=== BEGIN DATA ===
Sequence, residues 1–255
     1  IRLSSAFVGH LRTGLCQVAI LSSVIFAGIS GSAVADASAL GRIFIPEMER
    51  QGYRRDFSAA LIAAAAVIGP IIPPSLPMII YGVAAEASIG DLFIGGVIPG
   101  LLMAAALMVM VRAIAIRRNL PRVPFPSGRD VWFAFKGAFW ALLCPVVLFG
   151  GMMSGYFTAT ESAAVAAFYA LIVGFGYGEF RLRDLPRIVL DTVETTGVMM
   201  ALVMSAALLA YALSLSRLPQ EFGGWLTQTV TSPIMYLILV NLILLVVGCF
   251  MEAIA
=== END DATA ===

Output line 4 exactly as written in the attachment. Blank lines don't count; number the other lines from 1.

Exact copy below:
   101  LLMAAALMVM VRAIAIRRNL PRVPFPSGRD VWFAFKGAFW ALLCPVVLFG